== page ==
Four innovative, hard-working Missouri farm families were recognized by Missouri Governor Jay Nixon last week. They each received the Governor's Award for Agricultural Achievement, which honors outstanding farmers, growers and processors in a variety of agriculture commodities.
"Agriculture has always been, and will always be the heart of Missouri's economy; and operations like these farms are the reason why," Gov. Nixon said during his farm visits Oct. 12-13. "Missouri farmers feed a hungry world, and they help strengthen America's energy independence. Farmers also create jobs and support our economy."
Enterprising grazing dairy
During a visit to Randy Mooney's M&M Dairy in Rogersville, Nixon toured the dairy and presented Mooney with the award certificate recognizing his hard work and accomplishments.
Mooney, his wife, Jan, and partner Kent Miller milk 300 dairy cows at M&M Dairy, which utilizes an innovative grass-based dairy system. This pasture management system was adopted in 1992 and is designed to maximize forage use by intensively managing plant growth and grazing time.
Mooney is an active leader in the dairy industry. He chairs the Dairy Farmers of America Inc. board of directors and the National Milk Producers Federation, and also serves on the Missouri State Milk Board. He was presented with the 2009 Dairy Leadership Award by the Missouri Dairy Hall of Honors.
Thiel family farm – Growing confidence in corn
Gov. Nixon recognized members of Thiel Farms on Oct. 12 for their longstanding advocacy on behalf of the state's corn producers. Located near Malta Bend in Saline County, the Thiel family was presented with their achievement award during a press conference held at their farm.
Thiel Farms is comprised of Don and Barbara Thiel, sons Donnie and Billy Thiel, and nephew Bryan Thiel. Billy is president of the Missouri Corn Growers Association.
"As corn growers we need to keep sharing our stories with the people making decisions that impact our daily lives," said Billy Thiel. "We want people to better understand how advancements in today's farming practices are helping growers produce a safe, abundant crop for families all over the world."
Last year, the family was part of an effort that harvested more than 3,300 pounds of sweet corn that was donated to Harvesters-The Community Food Network of Kansas City to help provide nearly 2,600 meals for hungry families. The Thiels have also hosted a Lunch and Learn event on their farm, informing local and state decision makers on the importance of agriculture.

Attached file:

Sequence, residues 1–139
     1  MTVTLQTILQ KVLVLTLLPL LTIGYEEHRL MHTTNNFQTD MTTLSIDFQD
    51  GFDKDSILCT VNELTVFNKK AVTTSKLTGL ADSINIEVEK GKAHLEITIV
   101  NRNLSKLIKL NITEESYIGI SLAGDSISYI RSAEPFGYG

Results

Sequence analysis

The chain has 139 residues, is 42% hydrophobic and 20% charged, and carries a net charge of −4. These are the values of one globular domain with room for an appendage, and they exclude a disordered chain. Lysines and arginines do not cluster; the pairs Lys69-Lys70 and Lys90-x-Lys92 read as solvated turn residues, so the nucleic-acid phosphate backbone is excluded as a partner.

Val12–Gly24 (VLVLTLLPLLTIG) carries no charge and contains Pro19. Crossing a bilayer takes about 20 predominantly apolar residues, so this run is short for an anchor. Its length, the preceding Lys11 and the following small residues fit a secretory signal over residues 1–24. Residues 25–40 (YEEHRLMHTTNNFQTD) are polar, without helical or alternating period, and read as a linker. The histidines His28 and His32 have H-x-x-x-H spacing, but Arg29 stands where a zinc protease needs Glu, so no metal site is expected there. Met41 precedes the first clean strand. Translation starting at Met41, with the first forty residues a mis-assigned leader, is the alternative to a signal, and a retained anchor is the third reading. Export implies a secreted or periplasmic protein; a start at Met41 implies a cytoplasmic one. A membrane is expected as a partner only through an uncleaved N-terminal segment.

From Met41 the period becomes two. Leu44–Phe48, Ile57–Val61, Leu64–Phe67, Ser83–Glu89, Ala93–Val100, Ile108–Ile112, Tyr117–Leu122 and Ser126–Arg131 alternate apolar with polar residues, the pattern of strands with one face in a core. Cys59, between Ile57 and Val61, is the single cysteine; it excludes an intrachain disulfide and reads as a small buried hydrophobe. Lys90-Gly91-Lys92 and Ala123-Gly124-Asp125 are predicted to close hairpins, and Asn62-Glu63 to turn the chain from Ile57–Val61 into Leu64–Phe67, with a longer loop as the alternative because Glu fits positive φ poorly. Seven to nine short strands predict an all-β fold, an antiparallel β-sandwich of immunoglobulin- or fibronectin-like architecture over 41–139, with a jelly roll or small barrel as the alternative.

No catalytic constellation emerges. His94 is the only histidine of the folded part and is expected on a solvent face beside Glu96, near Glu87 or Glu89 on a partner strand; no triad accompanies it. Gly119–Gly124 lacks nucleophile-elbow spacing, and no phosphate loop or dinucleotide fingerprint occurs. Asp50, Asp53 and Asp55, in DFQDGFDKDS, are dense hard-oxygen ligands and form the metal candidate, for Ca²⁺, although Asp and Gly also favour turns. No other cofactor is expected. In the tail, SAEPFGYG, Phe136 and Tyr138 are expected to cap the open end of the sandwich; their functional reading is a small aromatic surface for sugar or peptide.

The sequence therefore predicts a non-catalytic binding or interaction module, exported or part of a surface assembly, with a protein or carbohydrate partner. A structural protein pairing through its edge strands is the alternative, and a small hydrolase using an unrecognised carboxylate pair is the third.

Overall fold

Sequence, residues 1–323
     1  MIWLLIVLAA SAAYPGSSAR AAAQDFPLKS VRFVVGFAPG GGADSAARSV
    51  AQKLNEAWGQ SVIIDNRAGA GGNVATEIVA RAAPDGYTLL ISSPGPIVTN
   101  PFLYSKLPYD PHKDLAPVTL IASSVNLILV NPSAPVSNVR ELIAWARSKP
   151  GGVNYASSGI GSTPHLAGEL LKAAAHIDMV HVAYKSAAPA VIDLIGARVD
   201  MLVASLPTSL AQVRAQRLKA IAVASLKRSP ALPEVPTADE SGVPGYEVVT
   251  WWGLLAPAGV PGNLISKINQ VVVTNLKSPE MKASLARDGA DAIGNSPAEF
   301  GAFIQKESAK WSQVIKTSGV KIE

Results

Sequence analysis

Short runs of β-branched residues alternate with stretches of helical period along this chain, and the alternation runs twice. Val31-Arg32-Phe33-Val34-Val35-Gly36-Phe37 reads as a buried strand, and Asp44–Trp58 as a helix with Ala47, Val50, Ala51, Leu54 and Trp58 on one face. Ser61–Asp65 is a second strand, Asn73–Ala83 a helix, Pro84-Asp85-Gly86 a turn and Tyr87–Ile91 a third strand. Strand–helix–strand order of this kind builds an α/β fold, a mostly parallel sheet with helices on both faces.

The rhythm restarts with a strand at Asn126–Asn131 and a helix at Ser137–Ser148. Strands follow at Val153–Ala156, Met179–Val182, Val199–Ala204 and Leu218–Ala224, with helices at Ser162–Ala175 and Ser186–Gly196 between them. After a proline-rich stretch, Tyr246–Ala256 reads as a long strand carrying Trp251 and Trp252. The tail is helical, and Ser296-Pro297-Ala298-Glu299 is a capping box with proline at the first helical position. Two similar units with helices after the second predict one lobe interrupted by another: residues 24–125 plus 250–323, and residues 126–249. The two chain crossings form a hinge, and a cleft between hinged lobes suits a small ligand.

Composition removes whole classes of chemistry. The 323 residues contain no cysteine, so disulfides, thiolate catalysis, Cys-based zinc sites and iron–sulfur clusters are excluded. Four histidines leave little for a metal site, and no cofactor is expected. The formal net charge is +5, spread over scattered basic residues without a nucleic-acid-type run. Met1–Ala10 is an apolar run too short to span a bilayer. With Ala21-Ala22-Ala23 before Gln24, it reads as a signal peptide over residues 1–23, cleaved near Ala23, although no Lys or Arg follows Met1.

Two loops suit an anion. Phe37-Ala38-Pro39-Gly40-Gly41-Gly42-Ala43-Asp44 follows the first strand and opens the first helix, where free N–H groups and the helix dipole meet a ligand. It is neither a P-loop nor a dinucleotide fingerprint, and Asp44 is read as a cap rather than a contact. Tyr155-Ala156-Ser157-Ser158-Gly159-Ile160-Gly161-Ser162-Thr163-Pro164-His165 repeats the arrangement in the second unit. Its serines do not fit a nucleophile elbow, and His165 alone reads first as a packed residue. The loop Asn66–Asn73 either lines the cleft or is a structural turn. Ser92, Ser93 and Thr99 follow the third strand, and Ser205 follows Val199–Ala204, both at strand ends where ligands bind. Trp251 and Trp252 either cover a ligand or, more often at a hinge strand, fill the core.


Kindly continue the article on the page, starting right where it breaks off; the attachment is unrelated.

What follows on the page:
Great graziers & conservationists
Gov. Nixon traveled to Salem to recognize Leon and Helen Kreisler, owners of Oak Knoll Ranch.
The Kreislers started their operation near Salem in 1985 with 60 cows on 280 acres. In 1991, after reading about management-intensive grazing, which involves regularly moving the herd to different pastures so grass can grow back, they experimented with 22 acres. Later that year, Leon attended the first grazing school offered by the University of Missouri at its Linneus Research Center to learn more about setting up a permanent management intensive grazing system. The next year, he divided 69 acres into 15 paddocks. All acres of grass at their Oak Knoll Ranch are part of a management intensive grazing system.
Leon has been a board member of the Missouri Grazing Lands Conservation Initiative Committee since its inception in 1995. As one of six board members of the Missouri Soil and Water Conservation Districts Commission, Leon oversees Missouri's 114 soil and water conservation districts. Leon is also the former chair and a current member of the University of Missouri's Hugo Wurdack Farm Advisory Committee; the two-time chair of the Missouri Beef Council; the former state director of the Missouri Cattlemen's Association; and was the Missouri beef producers representative to the U.S. Meat Export Federation.
Branching out with trees, agritourism
Heritage Tree Farm owners Vern and Bee Spaunhorst of Washington also earned a visit from the governor.
The 75-acre farm, recognized by the Missouri Century Farm program, has been family-owned for more than 100 years. Its current operations as a tree farm began with the planting of the first evergreen seedling in the spring of 1983. Today, the tree-growing family tradition continues with the addition of an apple orchard and a pecan grove. The farm also boasts an historic 160-year-old log cabin farmhouse available to guests as a bed and breakfast.
During his visit, Gov. Nixon toured the farm's operation and presented the Spaunhorsts with a certificate recognizing their hard work and accomplishments.
The Spaunhorsts' tree farm is one of Missouri's thousands of agritourism operations, which range from bed and breakfasts to pumpkin patches to livestock farms. Through the AgriMissouri program, the Spaunhorsts are able to promote their farm as a destination, market their produce and connect with consumers hoping to learn more about their tree farm business.
Missouri's forests account for roughly 14 million acres, in addition to the more than 685 recognized tree farms that encompass more than 179,000 acres.
Sources: DFA, MCGA and Governor's office